|Gerhard Niklasch on Tue, 14 Jul 1998 13:37:15 +0200 (MET DST)|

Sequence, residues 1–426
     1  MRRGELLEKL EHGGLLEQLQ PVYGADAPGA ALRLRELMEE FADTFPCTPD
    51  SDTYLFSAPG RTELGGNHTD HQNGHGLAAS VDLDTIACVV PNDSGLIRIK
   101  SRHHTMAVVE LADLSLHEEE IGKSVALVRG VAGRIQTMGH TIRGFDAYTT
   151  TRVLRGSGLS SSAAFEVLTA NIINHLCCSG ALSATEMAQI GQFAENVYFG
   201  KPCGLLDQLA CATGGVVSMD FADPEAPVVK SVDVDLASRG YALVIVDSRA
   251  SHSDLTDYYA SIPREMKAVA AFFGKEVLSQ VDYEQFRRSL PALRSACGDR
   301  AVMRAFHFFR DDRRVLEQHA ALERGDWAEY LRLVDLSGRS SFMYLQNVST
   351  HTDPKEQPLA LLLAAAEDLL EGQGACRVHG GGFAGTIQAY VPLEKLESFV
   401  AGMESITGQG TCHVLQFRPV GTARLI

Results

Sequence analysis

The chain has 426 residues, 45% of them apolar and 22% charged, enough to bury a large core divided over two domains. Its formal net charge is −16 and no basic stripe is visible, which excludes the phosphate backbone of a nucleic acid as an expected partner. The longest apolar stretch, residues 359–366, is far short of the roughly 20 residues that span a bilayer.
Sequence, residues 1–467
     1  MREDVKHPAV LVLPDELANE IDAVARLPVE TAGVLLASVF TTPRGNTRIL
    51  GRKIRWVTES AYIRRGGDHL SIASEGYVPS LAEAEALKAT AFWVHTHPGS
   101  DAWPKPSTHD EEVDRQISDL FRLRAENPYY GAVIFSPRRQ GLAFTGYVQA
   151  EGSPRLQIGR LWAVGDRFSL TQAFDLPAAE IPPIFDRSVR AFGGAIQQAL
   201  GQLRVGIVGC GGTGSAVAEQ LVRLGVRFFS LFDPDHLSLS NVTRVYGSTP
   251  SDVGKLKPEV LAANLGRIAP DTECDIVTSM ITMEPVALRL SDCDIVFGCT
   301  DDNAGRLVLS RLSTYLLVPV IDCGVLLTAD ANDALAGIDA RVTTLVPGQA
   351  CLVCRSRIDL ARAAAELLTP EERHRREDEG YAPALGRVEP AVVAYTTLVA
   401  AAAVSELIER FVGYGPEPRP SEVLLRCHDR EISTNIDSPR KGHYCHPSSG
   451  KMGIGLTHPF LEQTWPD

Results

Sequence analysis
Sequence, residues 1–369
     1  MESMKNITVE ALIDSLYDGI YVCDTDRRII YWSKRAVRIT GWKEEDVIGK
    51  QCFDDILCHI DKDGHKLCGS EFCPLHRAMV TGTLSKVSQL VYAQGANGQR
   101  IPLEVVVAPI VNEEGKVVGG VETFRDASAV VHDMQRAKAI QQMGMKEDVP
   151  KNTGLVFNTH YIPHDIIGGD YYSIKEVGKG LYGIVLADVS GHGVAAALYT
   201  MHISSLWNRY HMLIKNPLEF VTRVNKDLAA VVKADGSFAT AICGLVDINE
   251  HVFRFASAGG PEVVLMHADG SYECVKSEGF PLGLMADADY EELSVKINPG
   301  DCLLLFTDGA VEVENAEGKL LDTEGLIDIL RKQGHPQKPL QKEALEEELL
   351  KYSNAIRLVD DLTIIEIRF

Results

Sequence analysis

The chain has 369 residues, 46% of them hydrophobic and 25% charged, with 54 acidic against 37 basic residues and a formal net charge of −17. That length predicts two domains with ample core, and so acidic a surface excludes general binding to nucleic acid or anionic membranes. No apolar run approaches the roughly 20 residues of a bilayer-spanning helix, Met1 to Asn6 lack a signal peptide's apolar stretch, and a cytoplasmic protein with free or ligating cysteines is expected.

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In (further) response to: > Message-Id: <firstname.lastname@example.org> > Date: Tue, 14 Jul 1998 09:25:47 +0100 > From: "John Cremona (Maths)" <email@example.com> > > For what it's worth, I get no crash with this (by lucky accident) > but it does give the wrong answer: > gp > my()=sqrtint(1) > gp > 1.-my() > %2 = -1 <----- ????? Here's a somewhat more detailed explanation: (1) my() is defined and remembered by gp as a parameterless user function. (2) my() is getting called with the empty pair of parentheses. (3) The parser upon seeing this allocates a PARI integer on the stack, reserving nparam words, where nparam is the remembered number of parameters that go with the "my" identifier -- zero in this case. Normally the words would be filled with pointers to the actual parameter values (overwriting even the type t_INT and length codeword of the `integer', which doesn't matter since the object will be silently discarded at the next garbage collection, after the function call returns). Unfortunately, the allocation call cgeti(0), after checking that allocating 0 extra words doesn't overflow the stack, writes a t_INT and length 0 codeword into the word at the current head of the stack -- overwriting the type and length codeword of the previously youngest object on the stack, which happens to be the real number on the left of the + or - sign. Since the internal data format of reals and integers is rather different, and since even the length of the object is wrong, results may vary between a bogus value and utter memory corruption (as the garbage collector tries to figure out what is left on the stack and stumbles over a piece of the former real sticking out beyond the present `integer'...). Karim mailed me on Monday that he was fixing this properly and fixing something else in the vicinity; it isn't entirely trivial since cgeti() is one of the most frequently called functions in PARI and whatever checking it does needs to be done _fast_. If I understood him correct- ly, he is separating the `allocate n words on the stack after checking there's room for them' part from the `initialize the codeword at the head of the new object' part, so that we can (safely) call the former in situations which might involve a length of 0, without accidentally doing the latter (which would be wrong in such situations). Unfortunately, the mathematics department mail server at U Paris-Sud Orsay has been down for several days (and today is the French National Holiday, too), and although Karim had suggested to contact him via the firstname.lastname@example.org address, I'm now seeing extra bounces as that address is attempting in vain to forward to Orsay... (I hope Karim can still read mail sent to that address and stored locally besides being forwarded.) So, please consider this a `This problem is known and has been analyzed and is being dealt with' trouble ticket and move on to find some _other_ bugs! ;^) Surely there must be more... :^) Thanks, Gerhard "and I know of at least one"